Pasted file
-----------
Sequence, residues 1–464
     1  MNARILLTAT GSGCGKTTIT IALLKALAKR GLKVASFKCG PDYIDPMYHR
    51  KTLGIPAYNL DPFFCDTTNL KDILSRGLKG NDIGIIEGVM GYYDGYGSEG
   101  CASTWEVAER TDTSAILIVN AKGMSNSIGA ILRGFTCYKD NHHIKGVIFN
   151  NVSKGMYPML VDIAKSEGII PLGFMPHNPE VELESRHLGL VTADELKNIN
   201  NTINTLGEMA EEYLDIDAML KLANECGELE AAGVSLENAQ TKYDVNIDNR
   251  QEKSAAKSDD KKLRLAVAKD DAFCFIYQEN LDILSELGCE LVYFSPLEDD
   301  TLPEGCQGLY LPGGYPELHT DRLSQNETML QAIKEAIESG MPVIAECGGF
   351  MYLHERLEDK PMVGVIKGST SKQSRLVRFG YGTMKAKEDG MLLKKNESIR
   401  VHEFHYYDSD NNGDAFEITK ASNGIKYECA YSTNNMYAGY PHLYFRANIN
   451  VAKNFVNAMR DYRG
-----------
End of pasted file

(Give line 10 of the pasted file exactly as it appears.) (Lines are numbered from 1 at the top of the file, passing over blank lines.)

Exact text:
   401  VHEFHYYDSD NNGDAFEITK ASNGIKYECA YSTNNMYAGY PHLYFRANIN